Kickstarting Cheatin’: Interview with Bill Plympton

And how were you approached to do The Simpsons introduction?

I’ve known Matt for a while, in fact, he’s from Portland, and I actually met his father before I met Matt because I was a big fan of his father’s films. He used to do industrial films back in the 50s and 60s, and his name was Homer. [laughs]

He was a brilliant filmmaker. I remember seeing his films in festivals. But I’ve known Matt since the mid-70s, I believe, or maybe the 80s, and he used to make comic strips and we used to hang out. It’s interesting to see how we both got around into animation around the same time — The Simpsons started in the late 80s just as I started doing my animated films. Although we’ve had parallel careers, his career is obviously much more successful than mine. He’s probably one of the richest artists in the world, while I’m still struggling to make ends meet. [laughs]

So we were at the Annecy Film Festival in France, and we were hanging out talking about old times in Oregon, and he came up with the brilliant idea of having me do the intro to the show, and I loved that idea. It was great and a lot of fun. They also gave me a lot of freedom, letting me do what I wanted to do, so that was very nice.

In your work, you often show North American society through their ironies for absurd extravagance and double standard. Do you think independent animation helps people develop an eye to criticise their own society?

I started off as a political cartoonist. So I’ve been in social critique for a long time. So it seemed natural that when I moved into animation I still had these sensibilities.

I noticed the Plymptoons Store carries some of your work, but there’re still people wondering where the best place to get your shorts is, especially for non-US fans. Is Amazon really the best place?

I’m really not the guy to ask this question; however, I would recommend they get all my work from my website, — that’s where you can get all my work. Even the weird stuff.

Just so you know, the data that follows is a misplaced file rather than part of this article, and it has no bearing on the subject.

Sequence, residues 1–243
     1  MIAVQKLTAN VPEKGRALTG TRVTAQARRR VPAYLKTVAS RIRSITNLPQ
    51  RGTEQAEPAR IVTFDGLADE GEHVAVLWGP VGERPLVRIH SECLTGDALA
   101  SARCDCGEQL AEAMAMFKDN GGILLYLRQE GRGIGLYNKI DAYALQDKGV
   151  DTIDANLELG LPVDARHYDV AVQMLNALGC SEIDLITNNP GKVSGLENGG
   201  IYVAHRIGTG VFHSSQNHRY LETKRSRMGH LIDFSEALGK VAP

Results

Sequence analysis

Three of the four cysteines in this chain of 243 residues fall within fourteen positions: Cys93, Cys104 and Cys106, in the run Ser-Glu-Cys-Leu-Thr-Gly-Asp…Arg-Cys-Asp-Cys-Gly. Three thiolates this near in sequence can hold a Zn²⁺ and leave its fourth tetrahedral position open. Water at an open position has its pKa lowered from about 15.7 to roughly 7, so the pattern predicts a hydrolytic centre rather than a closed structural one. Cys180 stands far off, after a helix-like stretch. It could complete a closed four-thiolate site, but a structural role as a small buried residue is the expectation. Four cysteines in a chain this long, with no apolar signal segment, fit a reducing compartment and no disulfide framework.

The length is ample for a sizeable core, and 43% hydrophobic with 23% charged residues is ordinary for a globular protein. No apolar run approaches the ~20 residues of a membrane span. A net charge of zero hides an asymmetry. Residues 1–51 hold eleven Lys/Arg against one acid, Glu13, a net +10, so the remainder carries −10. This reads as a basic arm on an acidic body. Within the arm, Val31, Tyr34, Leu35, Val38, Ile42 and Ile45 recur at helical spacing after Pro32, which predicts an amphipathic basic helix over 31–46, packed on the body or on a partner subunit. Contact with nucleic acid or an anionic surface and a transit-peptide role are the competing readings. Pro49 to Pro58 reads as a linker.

It’s more of a personal question, but just to make it clear — your website also allows international orders? Because that’s one of my griefs when online shopping to find out items can only be shipped within the US or Canada.

Yes, in fact we have a lot of fans in Europe and Russia, so we ship a lot of stuff over there. It’s never a problem. We do have to pay extra for shipping — like a buck or two, something like that. I think I’m really big in France, Spain, Germany, and Russia, so we do a lot of overseas shipping.

That’s excellent news! It was a little bit hard to figure out from the website alone. But tell me, are you interested in digital distribution?

Yes, I’m very interested in digital distribution. We believe that the older forms of distribution are shrinking while digital is the way to go for an independent like me. In fact I foresee a time when I’ll have my own channel and as soon as I finish a film, BANG! It goes on the internet and I get my money directly from my fans. No distributors, no agents, no studios, no theaters, no lawyers, no hassles.

There are still TWO WEEKS left to go in Bill Pympton’s Kickstarter campaign to fund Cheatin’.  And don’t forget to follow him on Twitter, YouTube and Vimeo for his latest news and uploads.


YAM Magazine editor, photographer, blogger, translator and part-time web designer. Film junkie, music junkie… and lately series (a.k.a. TV) junkie.

4 Responses

  1. Michael says:

    Interesting, I had no idea that Plympton and Groening had started their way through animation at the same time,considering they belong to opposites sides: independent and comercial animation.
    But each one have marked his own style :)

  1. April 6, 2013

    […] Kickstarting Cheatin’: Interview with Bill Plympton […]

  2. July 12, 2014

    […] forget to check out the interview we did with Plympton during the Kickstarter […]

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